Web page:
The Balsamic Vinegar of Modena between history and tradition – Giusti 1605 - US
The Balsamic Vinegar of Modena between history and tradition

The Balsamic Vinegar of Modena between history and tradition

 

Rich in structure and history, the so-called black gold of Modena is fruit of the accurate artisan Modenese tradition and it represents the very essence of the territory to which it belongs.

Balsamic Vinegar is a journey through centuries, boasting ancient and mysterious origins. Thus, it is hard to define precisely who discovered it and invented and refined its recipe.

Among the earliest literary records, we find poet Virgil’s words, revealing how it was a widespread custom in ancient Roman times to cook the must of grapes. It was such a common activity in the area of Modena that people coined a specific Latin verb: defrutare.

Apicius himself, a chef in ancient Rome, mentioned the saba, a Modenese term still used to define cooked must. He suggested to add saba as a syrup to sweet-and-sour preparations. Although it cannot be stated certainly, it is likely that the Roman saba experienced the first transformation into Balsamic Vinegar, fermenting inside the jars where it was stored.

If the ancient Romans accidentally discovered the Balsamico by neglecting cooked must, it was the Estense Dukes who made it famous, raising its value and refining its production method.
In the west tower of the Ducal Palace in Modena, the Estense Dukes of Modena set up their own acetaia. An attic where they mature and take care of a product of excellence, in 1747 finally defined as «balsamic vinegar» in the court registers.

Thanks to the Estense Dukes, the Modenese black gold starts travelling, being offered as a gift to European courts, brought to the tables of important personalities of the time.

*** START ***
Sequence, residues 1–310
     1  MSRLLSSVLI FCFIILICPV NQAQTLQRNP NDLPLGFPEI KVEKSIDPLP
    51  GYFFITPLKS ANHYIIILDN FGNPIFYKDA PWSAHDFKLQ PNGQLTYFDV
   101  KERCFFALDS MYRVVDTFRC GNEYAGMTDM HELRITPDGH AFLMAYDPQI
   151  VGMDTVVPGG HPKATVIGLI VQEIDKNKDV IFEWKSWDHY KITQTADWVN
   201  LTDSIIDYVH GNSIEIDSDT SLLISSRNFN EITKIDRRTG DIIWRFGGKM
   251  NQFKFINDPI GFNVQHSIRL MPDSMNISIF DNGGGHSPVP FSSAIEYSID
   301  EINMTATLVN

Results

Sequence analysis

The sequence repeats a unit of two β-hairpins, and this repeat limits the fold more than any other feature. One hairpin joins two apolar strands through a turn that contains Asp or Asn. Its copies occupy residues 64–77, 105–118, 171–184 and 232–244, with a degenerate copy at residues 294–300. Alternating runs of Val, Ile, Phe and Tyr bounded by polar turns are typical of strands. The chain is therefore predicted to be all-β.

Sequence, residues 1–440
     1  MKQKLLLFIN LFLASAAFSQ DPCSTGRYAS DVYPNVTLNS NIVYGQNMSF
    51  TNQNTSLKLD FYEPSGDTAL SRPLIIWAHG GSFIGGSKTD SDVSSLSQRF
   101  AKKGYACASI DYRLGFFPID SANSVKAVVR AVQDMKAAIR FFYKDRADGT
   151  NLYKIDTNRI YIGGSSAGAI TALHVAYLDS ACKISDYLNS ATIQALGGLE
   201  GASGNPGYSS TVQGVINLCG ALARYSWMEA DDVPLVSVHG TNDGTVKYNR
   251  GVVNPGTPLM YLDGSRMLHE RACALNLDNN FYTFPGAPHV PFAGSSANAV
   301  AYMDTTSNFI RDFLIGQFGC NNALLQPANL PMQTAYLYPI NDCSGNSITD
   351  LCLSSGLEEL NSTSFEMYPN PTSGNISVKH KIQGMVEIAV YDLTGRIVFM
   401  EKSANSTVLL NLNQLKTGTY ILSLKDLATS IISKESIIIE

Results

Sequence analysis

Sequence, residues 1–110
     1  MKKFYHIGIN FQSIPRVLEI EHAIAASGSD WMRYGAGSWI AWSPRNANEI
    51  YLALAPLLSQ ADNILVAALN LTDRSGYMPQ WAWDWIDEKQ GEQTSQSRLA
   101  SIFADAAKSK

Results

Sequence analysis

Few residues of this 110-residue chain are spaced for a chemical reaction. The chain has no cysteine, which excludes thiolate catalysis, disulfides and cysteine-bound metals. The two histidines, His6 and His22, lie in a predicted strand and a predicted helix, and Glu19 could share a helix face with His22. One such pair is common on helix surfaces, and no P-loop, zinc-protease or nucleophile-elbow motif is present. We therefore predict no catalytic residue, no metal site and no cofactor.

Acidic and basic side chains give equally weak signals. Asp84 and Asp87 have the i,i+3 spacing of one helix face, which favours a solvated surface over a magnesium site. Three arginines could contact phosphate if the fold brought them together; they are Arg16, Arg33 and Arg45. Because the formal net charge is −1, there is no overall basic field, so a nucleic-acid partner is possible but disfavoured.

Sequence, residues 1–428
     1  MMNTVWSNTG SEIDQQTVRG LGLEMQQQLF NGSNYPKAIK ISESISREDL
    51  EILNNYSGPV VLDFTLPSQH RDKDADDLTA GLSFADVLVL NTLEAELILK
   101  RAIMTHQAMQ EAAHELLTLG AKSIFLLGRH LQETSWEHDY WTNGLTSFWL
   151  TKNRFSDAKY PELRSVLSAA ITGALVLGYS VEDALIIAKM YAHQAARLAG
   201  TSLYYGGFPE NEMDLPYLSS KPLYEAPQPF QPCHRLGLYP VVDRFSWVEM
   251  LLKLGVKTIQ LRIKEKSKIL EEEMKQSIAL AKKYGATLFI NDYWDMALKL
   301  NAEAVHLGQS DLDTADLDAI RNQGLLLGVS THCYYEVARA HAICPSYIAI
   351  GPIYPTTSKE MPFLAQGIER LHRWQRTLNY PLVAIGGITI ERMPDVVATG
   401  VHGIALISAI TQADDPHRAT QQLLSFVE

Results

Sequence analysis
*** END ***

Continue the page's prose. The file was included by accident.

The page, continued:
Throughout the 1800s, the production of Balsamic Vinegar of Modena comes into focus, largely thanks to Francesco Aggazzotti, leading figure in the Modenese environment. He writes down in a comprehensive and accurate manner the procedure for producing such coveted elixir. Aggazzotti’s detailed letter was so extensive, that it was adopted to define the production and quality standards that inspired the establishment of the Consorteria for Traditional Balsamic Vinegar certified DOP in 1967.


A deep connection between family roots and territory

Even though the Balsamico is nowadays a worldwide spread condiment, sought for its versatility and deliciousness, its origins date back to the attics of Modenese houses and the ancient family traditions.

The name itself reveals a completely different initial use than today. As a matter of fact, it was a “balm” with vaunted therapeutic properties, a natural remedy against various ailments, an excellent digestive, in short, a true panacea.

Modenese families used to leave their Balsamic Vinegars ripen in the home attic, with utmost discretion, handing down the family recipe in the greatest secrecy.

It was a common custom to start a “battery” of casks at the birth of a daughter, who would receive it as a dowry on the occasion of her marriage. After years and years of ageing, the Balsamic was offered as a precious gift on several occasions, to relatives and friends or as a token of gratitude to the family doctor. It was generally delivered in refined flasks, as a sign of its inestimable value and remarkable and patient effort recquired to obtain it.

The Modenese ritual of refilling and decanting the barrels, the years-long wait before the extraction of a good Balsamico, the synchrony with the slow rhythms of nature and the alternation of seasons and thermal conditions.

These are the secrets making the Black Gold of Modena inextricably tied to the territory and to the artisan know-how of the Modenese families, which bequeathed for centuries their casks and the golden rules to take care of them.

Discover the tradition, the history and the values of the Giusti family, the oldest vinegar makers in Italy, with deep and proud Modenese origins, passing on an ancient family recipe for over four centuries.